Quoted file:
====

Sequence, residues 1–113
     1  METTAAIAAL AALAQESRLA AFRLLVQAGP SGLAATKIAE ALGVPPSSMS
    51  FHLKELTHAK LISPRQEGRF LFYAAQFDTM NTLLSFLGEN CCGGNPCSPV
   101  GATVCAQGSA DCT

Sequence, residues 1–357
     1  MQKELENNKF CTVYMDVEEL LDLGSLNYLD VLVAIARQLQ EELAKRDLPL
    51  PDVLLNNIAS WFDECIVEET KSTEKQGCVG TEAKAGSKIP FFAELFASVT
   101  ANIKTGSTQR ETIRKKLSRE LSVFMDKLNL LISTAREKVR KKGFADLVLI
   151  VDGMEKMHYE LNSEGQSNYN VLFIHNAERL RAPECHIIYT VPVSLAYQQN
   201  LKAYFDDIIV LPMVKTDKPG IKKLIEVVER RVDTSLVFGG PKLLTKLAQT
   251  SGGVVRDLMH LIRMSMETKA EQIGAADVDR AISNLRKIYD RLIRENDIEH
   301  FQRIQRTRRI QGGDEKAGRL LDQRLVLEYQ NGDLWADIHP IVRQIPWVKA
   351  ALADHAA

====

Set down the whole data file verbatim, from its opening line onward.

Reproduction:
Sequence, residues 1–113
     1  METTAAIAAL AALAQESRLA AFRLLVQAGP SGLAATKIAE ALGVPPSSMS
    51  FHLKELTHAK LISPRQEGRF LFYAAQFDTM NTLLSFLGEN CCGGNPCSPV
   101  GATVCAQGSA DCT

Sequence, residues 1–357
     1  MQKELENNKF CTVYMDVEEL LDLGSLNYLD VLVAIARQLQ EELAKRDLPL
    51  PDVLLNNIAS WFDECIVEET KSTEKQGCVG TEAKAGSKIP FFAELFASVT
   101  ANIKTGSTQR ETIRKKLSRE LSVFMDKLNL LISTAREKVR KKGFADLVLI
   151  VDGMEKMHYE LNSEGQSNYN VLFIHNAERL RAPECHIIYT VPVSLAYQQN
   201  LKAYFDDIIV LPMVKTDKPG IKKLIEVVER RVDTSLVFGG PKLLTKLAQT
   251  SGGVVRDLMH LIRMSMETKA EQIGAADVDR AISNLRKIYD RLIRENDIEH
   301  FQRIQRTRRI QGGDEKAGRL LDQRLVLEYQ NGDLWADIHP IVRQIPWVKA
   351  ALADHAA